The generalization made by many was dangerous. Many were fighting to save their business and were forced to fight harder than ever before. COVID-19 spikes are back, which means that their fight continues. This is not practical when you’re constantly drunk. Frontline workers could not indulge in excess, but they would have good reason to find a coping method. Was the rest of society in an alcohol haze?
In the early months of the outbreak, the public was encouraged to stay inside or at least be as indoors as possible. However, the pleasant weather in late March and April made this difficult. The Coronavirus was a greater threat because it was mowed down by cyclists and joggers who wouldn’t stray from their path.
Many people were left in a lurch until the circumstances permitted. For those who were excluded from the ‘safety net’ offered by their government, the motivation to stay professional decreased accordingly. Weekdays, weekends, and public holidays became more homogenized as the shutdown continued. This was especially true for those who had lost their daily work routine.
In the midst of so much time, good intentions and resolutions were made in order to fill up the gaping hole. In retrospect, I think that many more solutions were broken during the Coronavirus lockdown. It’s unlikely that anyone, not even myself, resolved to drink more. So it was a good idea to give the day a goal to keep order. Hairdressers were locked out, resulting in ever-increasing hair lengths. But once the hippy look of 1969 was accepted, the fear of appearing unprofessional on Zoom and other work-related restrictions subsided. The hospitality industry was closed, and there was no need to commute. This led to more drinking at home. You may have enjoyed your first glass at lunchtime or even earlier in the day, knowing that no professional work was required after consumption.
The humor returned after the initial shock, and so did cocktails with clever names, such as ‘the Quarantine,’ along with advice on health: ‘You cannot touch your face while holding a glass with both hands. The community spirit was evident, but not in an alcoholic way. People helped their less fortunate neighbors with their shopping. I did the same for my wife’s former husband. I was driven to drink alcohol by the fear of contamination and the masks.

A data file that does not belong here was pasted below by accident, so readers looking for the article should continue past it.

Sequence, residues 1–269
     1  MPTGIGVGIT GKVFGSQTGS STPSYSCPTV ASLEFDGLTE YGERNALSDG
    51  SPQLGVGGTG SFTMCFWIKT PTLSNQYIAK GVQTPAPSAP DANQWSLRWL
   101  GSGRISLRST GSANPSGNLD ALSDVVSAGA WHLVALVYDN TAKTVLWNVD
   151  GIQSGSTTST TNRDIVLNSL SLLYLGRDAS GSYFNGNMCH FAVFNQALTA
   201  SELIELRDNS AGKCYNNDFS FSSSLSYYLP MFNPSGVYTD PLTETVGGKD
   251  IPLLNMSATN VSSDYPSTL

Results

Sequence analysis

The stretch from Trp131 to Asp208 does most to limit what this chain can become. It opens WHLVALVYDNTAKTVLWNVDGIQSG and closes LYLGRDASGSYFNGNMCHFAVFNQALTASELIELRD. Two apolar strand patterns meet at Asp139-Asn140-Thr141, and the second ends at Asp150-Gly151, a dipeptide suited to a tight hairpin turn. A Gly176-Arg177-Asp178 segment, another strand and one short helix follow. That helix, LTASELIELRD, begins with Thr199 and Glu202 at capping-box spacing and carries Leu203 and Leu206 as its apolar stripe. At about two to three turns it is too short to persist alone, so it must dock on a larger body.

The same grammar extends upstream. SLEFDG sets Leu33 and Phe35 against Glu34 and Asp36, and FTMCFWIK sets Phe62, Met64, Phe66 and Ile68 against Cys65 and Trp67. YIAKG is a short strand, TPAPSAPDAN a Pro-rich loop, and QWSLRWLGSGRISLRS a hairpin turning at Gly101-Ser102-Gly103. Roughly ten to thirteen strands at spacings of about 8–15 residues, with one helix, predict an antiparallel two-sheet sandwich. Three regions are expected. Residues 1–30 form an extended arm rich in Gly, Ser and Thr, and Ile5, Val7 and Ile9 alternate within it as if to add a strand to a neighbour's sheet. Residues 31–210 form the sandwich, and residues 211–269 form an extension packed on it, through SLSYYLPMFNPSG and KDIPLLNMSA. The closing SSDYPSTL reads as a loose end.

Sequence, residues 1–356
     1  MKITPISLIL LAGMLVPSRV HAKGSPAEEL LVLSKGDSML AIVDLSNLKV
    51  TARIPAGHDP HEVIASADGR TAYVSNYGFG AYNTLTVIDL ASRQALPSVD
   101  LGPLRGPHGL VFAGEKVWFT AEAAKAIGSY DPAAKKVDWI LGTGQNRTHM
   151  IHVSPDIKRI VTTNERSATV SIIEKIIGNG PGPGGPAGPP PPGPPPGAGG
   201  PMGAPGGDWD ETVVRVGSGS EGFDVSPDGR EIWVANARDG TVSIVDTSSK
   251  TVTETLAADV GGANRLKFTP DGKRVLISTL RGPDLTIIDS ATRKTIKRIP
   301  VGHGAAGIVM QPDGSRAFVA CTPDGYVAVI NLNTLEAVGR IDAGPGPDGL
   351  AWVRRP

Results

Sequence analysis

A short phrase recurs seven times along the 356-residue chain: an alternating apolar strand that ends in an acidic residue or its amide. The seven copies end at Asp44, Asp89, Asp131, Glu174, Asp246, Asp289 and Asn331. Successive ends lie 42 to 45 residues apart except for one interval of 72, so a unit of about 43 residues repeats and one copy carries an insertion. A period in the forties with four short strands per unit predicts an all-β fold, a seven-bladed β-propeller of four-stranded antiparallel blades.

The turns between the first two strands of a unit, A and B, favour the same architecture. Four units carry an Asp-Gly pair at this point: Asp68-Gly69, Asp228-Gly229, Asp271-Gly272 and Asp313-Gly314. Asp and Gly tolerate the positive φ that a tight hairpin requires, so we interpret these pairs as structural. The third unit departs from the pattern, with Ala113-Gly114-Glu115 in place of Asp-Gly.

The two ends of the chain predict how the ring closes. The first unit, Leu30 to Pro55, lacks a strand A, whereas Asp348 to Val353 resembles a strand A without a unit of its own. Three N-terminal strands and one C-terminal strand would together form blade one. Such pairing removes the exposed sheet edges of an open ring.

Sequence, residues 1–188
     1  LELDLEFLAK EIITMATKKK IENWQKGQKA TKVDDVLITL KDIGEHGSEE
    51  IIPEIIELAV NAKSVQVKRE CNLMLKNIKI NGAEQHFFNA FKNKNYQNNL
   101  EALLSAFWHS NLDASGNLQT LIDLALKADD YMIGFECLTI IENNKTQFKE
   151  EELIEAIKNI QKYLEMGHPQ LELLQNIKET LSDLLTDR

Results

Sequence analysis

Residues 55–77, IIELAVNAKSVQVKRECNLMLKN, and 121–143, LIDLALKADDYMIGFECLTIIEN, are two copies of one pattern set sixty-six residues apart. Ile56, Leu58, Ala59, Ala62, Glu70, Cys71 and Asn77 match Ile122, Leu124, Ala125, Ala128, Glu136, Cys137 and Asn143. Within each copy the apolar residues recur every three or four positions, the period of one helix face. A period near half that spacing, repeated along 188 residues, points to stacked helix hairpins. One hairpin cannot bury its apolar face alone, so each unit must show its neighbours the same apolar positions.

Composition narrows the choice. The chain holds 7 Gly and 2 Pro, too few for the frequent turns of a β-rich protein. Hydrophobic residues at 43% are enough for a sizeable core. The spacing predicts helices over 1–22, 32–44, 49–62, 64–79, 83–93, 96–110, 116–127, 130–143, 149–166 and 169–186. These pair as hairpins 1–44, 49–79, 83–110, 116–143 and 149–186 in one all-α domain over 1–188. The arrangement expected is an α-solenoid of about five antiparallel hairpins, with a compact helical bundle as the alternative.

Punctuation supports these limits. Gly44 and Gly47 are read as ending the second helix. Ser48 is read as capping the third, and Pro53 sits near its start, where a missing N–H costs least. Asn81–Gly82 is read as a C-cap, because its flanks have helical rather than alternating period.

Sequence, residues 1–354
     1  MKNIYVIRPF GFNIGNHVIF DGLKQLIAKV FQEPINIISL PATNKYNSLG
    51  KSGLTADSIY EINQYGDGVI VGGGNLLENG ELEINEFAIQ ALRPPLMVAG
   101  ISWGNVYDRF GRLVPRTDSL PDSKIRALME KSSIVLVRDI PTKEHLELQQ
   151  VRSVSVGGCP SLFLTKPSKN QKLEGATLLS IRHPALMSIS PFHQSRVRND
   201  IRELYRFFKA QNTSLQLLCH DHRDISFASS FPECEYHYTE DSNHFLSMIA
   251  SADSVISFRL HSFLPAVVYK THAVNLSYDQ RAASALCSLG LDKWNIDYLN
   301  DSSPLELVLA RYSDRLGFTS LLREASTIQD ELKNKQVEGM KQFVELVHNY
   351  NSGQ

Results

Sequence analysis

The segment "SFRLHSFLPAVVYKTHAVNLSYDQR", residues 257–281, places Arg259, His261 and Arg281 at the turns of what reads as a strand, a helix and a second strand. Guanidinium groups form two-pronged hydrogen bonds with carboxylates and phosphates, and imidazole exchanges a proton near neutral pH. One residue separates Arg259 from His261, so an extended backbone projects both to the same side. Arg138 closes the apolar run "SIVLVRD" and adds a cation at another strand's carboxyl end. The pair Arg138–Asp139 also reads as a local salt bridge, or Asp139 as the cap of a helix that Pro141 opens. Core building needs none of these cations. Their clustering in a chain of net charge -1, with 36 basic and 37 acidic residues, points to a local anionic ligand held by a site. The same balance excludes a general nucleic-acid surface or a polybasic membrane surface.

Two themes, sometimes bordering on voyeurism, were the focus of headlines about lockdown behavior. First, the amount of sexual activity couples are said to have – what happens when the 1000-piece jigsaw is no longer interesting? Second, record sales for drinks were reported by many retailers, and some even compared them to the Christmas season. However, Corona beer suffered a lot during this period, as was expected. Was this a sign that the Coronavirus was causing nations to change their attitude from ‘glass-half-full’ to “glass always full”? Or a case of “lies, damned lied, and statistics?”
The shelves were bare after waves of panic buying that was not necessary or selfish had emptied them. Retailers that could deliver profited from the fear of leaving the house (imagine being caught with TWO bottles of gin). They also benefited from the weight of the glass. There is no evidence that the consumption of any alcoholic product matched purchases. Quality was not sacrificed for cheaper alternatives in order to match consumption. The pattern of consumption from the wine company owned by my wife reflects both trends on a small scale.
Only 1% of respondents to a poll who asked if people were drinking more admitted that they did. Perhaps alcohol affects memory and honesty just as much. Enjoy drinking, but don’t let alcohol make you careless.